Herod finally gets to see Jesus in the last days of Jesus’ life. Herod has come down from Galilee to Jerusalem for the Passover. He recognizes the political advantage of appearing pious. Herod is now in the territory ruled by Pilate. Ever since Pilate had killed some Galileans worshipping in the temple, the two rulers were at odds. Before he spills more Galilean blood, he sends Jesus to Herod for his judgment.
What a contrast in judgment scenes. Pilate is troubled within his conscience and tranquil in his outward demeanor. Herod is anything but calm. Like a petulant child about to get the toy he craves, Herod is so excited he cannot stop talking. Herod wants a sign. Satan had asked for a sign in the desert before Jesus began his ministry. The Pharisees had demanded a sign at the end of Jesus’ ministry in Galilee. Now a political ruler covets a sign. No sign is given. No sign can be given. For sight into the mystery of Christ comes only with faith.
Denied his desire, the curious Herod becomes the sarcastic, hostile inquisitor. “He questioned him at some length” (Lk 23:8). To this hedonist whose evil deeds have deadened any moral sense, Jesus gives no answer. Many questions. Not a single response. Herod faces the most painful of all reproaches. The Eternal Word stands speechless. It is the judgment of silence. For to the ears of fools, Wisdom denies even an appeal ( cf Prov 1:28).
Frustrated and angry, this counterfeit king stoops to the level of the barracks. He clothes Jesus in a splendid robe. Perhaps purple for royalty. A mockery of Jesus. Perhaps white for innocence. The charade of justice. He laughs at Jesus. This pathetic prisoner is simply the pawn of the powerful. Pilate had not condemned him. Herod would not condemn him. The chief priests and scribes want Jesus executed. Herod himself had been looking for a way to kill Jesus. Yet, he lets the opportunity slip right from his hands. But not indeliberately. Pilate sent Jesus as innocent. Herod returns him as innocent. He opts to please Pilate. Herod’s own political clout matters more than the life or death of one just man. Pilate had sent Jesus bound. Herod returns him unbound. Jesus is truly free. Herod is not.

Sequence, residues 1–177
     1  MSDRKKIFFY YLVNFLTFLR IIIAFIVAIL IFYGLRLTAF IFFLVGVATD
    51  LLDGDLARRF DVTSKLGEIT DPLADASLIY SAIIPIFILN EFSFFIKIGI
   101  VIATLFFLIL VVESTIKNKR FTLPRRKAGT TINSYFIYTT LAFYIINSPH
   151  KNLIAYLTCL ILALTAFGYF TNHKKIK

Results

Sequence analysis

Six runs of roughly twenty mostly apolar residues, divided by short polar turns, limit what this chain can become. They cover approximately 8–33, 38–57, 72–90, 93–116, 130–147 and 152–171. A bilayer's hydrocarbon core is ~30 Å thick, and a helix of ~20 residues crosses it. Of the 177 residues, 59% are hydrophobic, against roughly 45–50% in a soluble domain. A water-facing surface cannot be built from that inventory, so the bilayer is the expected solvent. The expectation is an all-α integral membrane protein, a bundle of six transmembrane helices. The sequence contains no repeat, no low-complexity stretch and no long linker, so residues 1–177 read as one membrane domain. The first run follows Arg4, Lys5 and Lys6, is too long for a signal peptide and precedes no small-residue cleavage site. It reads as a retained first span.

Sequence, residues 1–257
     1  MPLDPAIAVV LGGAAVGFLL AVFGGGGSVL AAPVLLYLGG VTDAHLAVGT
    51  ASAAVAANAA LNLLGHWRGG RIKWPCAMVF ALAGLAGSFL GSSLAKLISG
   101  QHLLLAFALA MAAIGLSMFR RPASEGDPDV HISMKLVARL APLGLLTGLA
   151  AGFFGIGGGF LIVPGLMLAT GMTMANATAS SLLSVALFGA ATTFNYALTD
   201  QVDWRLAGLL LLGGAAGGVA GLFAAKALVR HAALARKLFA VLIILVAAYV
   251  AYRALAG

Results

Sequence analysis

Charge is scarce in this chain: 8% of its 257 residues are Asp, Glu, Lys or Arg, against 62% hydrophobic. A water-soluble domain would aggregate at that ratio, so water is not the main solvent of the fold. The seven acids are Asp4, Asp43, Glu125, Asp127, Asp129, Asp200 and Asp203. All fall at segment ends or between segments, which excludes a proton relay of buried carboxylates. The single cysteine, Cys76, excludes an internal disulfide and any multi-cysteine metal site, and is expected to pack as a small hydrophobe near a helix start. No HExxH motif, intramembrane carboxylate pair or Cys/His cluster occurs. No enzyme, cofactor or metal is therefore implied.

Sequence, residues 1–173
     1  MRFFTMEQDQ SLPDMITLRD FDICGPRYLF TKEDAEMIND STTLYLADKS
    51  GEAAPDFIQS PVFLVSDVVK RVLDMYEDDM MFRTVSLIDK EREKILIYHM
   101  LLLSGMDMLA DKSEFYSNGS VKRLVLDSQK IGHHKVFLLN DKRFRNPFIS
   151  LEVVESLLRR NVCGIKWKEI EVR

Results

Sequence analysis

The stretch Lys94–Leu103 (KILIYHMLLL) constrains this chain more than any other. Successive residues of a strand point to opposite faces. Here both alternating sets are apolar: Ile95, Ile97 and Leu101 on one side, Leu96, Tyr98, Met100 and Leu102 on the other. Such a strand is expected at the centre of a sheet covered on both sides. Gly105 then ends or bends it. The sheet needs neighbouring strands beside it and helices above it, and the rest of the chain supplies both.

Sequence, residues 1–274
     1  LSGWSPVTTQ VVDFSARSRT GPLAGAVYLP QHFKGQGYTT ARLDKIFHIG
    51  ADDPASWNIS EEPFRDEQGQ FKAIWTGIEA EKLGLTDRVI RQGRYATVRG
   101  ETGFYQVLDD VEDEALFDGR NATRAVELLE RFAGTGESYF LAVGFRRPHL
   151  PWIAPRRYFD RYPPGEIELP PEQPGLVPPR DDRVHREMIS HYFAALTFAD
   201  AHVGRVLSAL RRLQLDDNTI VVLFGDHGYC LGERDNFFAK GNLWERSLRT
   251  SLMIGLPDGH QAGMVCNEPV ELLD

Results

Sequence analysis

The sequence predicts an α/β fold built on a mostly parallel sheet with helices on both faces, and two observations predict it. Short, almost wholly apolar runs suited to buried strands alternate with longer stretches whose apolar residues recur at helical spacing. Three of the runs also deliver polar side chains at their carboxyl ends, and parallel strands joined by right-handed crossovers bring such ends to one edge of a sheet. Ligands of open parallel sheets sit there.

Both Herod and Pilate cause Jesus to suffer. Yet both reap something of the grace of his suffering. “Though Herod and Pilate had been enemies before, they were reconciled that same day” (Lk 22:12). What a lesson Luke is teaching! He is the only gospel writer to relate this exchange between Herod and Pilate. He is the only one to give us Jesus’ parable of the Prodigal Son. And he places it at the center of his gospel. Both prodigal son and elder brother face the unrelenting love of the father always ready to forgive and embrace. In bringing his gospel to a close, Luke shows us Herod and Pilate now facing the overwhelming love of the Father in the suffering and death of Jesus. More powerful than our selfish and sinful ways is the generous love poured out for us in the Passion of Jesus. The suffering of Jesus is the very power of God forgiving and uniting in friendship those who were estranged.